Rebuilding Your Credit in 2009 - A Skill For the New Economy

By
Services for Real Estate Pros with Home Buying Institute

by Brandon Cornett

2008 has been quite a year for the real estate industry and housing market. Unfortunately, most of the news was bad. We saw record numbers of home foreclosures, financial institutions failing, and credit drying up to the point that only the "chosen few" can qualify for a home loan.

So in 2009, many Americans will focus on rebuilding. And what better to start with than your credit score?

Make no mistake about it. In 2009, and into the foreseeable future, consumers will need higher credit scores to do just anything that requires a loan. Lenders are nervous these days (the ones who are still around, anyway). They will scrutinize your financial background, your credit, your debt-to-income ratio and other factors to see what level of risk you bring. If you fail to measure up, you can kiss that mortgage or car loan goodbye. Like it or not, this is the reality we will face for the coming months and years.

So if you are one of the thousands of Americans who will need to rebuild your credit in 2009, here are five steps to success:

1. Identify the Source of the Problem

Credit problems are a symptom of a financial "disease." So to get rid of the symptoms, you must first determine what is causing them. You may not have to look very hard to find the source of your financial woes. Perhaps you've gotten behind on paying your bills, or maybe you have a bankruptcy in your past. These are scenarios where the core problem is fairly obvious. And in that case, you can move on to the next step in the path to better credit.

2. Review Your Credit Report for Errors

In a perfect world, the three companies who maintain credit reports in this country (Experian, Equifax and TransUnion) would never make mistakes. But this is not the case. While I wouldn't say that mistakes are common, they do happen quite a lot. So the next step in the process is to order copies of your credit reports from each of the companies mentioned above. You can do this for free by visiting AnnualCreditReport.com, a website that is jointly owned by Equifax, TransUnion and Experian.

It's important to do this as soon as possible, because it can take a long time to get corrections made to your reports. If you find errors, you can submit a request to have it corrected through the website of the company that produced the report. Visit their website and look for a link that says "disputes." There are laws that require these companies to process disputes in a timely fashion. But unfortunately, these laws are toothless and rarely enforced. So you will have to be persistent and stay on top of the company until your report is fixed. The last thing you want is for erroneous information to drag your credit score down lower than it should be.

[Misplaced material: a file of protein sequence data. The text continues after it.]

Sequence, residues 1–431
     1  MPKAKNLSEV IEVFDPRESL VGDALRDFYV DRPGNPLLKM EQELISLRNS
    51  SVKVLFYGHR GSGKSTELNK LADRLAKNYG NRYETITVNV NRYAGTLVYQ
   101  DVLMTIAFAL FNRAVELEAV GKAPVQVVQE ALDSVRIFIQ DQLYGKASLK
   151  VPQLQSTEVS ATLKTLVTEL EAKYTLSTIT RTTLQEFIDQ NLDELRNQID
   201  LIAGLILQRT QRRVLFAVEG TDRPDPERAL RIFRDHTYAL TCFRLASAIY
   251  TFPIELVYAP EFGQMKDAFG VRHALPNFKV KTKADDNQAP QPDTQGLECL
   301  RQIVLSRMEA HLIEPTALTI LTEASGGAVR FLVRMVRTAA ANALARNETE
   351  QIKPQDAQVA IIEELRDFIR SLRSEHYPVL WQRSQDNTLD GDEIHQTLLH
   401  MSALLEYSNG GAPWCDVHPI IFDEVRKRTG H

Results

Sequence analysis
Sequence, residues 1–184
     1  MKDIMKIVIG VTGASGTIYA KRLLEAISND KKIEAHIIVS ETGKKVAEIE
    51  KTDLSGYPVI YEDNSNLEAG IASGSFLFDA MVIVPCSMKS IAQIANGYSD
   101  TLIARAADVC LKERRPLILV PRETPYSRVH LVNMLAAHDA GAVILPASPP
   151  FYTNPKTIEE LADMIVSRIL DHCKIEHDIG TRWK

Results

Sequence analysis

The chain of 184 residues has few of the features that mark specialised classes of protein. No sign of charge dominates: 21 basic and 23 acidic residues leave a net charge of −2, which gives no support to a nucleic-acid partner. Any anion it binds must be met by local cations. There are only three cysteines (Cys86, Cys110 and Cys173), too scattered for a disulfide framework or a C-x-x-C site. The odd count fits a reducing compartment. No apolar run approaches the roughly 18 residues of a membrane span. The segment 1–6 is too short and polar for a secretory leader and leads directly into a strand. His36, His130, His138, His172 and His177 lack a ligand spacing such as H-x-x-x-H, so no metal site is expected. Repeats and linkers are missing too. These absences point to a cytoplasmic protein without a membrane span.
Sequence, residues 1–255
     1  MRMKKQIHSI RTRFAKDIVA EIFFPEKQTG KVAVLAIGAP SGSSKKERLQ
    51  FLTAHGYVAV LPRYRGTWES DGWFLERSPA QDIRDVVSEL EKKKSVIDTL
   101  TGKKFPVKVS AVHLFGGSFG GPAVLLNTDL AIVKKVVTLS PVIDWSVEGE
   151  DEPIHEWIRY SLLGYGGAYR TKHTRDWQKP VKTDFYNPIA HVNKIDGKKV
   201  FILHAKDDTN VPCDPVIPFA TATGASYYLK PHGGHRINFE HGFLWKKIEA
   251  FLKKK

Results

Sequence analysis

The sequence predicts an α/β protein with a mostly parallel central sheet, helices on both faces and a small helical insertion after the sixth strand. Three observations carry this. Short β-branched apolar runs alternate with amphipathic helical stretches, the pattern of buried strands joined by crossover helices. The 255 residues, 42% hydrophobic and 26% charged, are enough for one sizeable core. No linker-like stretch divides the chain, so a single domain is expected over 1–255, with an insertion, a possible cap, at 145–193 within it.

3. Pay Down Your Credit Card Balances

Financial "experts" love to disagree on things. I guess it makes them feel smart to dispute what their colleagues say. But this is a topic that many of them agree on. Paying down your credit card balances is one of the best things you can do to boost your credit score -- and your financial health in general. When you combine this with item #4 below, you will be on the road to recovery in no time.

There are good kinds of debt and bad kinds. A mortgage loan with a reasonable interest is a good kind of debt. It actually helps you build strong credit to make mortgage payments over time. But those high-interest credit card balances don't do you any good. So work out a budget that allows you to start paying them down. You'll have to pay more than the minimum amount due each month, and you may have to scale back on certain luxuries ... but nobody ever said this process would be easy.

4. Pay All Bills on Time

This is one of the most common reasons for bad credit situations -- falling behind on the bills and missing payments. Think about it from a lender's perspective. Why would they want to loan money to somebody with a clear history of not paying things back? When you look at it from this angle, it's easy to see why this can hurt you so much when applying for a loan.

If you are missing payments because you can't afford to pay them, then you have a budgeting and debt problem. In this case, you should try to reduce your spending as much as possible, or perhaps consolidate your debt into a lower rate.

If, like a lot of people, you simply forget to pay your bills, then you need to create a system that makes it easier for you. Instead of putting bills aside when you get them from the mail, handle them right away. Better yet, get set up with auto-pay so you don't even have to think about making the payments on time.

5. Get Your Spending Under Control

When you spend more than you earn, you acquire debt. It also makes the other steps listed above much harder to manage. You can't get caught up with your finances until you get your spending under control. And in this context, "control" means having a clear picture of your monthly spending, your monthly income (after taxes), and how the two of them relate. Develop a budget so you can see where your money is going each month. Then look for items that can be eliminated.

Improving a credit score is all about discipline and awareness. You must have the discipline to make payments on time, reduce unnecessary spending, and pay down your credit card debt as much as possible. It's hard work. I'll admit that. But it can seriously improve your financial picture ... and your life in general.

Brandon Cornett publishes the Credit Help Blog that offers free advice through an online question-and-answer format. If you have questions about this topic and would like a straight answer, visit the author's blog at http://www.homebuyinginstitute.com/help to learn more.

 

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